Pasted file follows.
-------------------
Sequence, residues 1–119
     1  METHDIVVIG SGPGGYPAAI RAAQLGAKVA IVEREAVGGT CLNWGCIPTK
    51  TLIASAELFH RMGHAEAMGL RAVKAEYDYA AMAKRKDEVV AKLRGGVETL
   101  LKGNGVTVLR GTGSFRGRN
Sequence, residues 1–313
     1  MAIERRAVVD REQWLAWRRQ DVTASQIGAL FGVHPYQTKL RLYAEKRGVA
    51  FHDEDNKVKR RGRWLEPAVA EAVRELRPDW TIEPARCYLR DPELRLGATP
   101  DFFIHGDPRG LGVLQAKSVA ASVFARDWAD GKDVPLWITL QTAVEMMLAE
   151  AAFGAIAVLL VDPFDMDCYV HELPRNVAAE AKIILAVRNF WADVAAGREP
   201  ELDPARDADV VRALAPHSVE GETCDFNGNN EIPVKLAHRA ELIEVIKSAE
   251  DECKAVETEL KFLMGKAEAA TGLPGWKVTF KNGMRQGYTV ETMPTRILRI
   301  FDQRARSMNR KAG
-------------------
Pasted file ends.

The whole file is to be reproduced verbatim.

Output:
Sequence, residues 1–119
     1  METHDIVVIG SGPGGYPAAI RAAQLGAKVA IVEREAVGGT CLNWGCIPTK
    51  TLIASAELFH RMGHAEAMGL RAVKAEYDYA AMAKRKDEVV AKLRGGVETL
   101  LKGNGVTVLR GTGSFRGRN
Sequence, residues 1–313
     1  MAIERRAVVD REQWLAWRRQ DVTASQIGAL FGVHPYQTKL RLYAEKRGVA
    51  FHDEDNKVKR RGRWLEPAVA EAVRELRPDW TIEPARCYLR DPELRLGATP
   101  DFFIHGDPRG LGVLQAKSVA ASVFARDWAD GKDVPLWITL QTAVEMMLAE
   151  AAFGAIAVLL VDPFDMDCYV HELPRNVAAE AKIILAVRNF WADVAAGREP
   201  ELDPARDADV VRALAPHSVE GETCDFNGNN EIPVKLAHRA ELIEVIKSAE
   251  DECKAVETEL KFLMGKAEAA TGLPGWKVTF KNGMRQGYTV ETMPTRILRI
   301  FDQRARSMNR KAG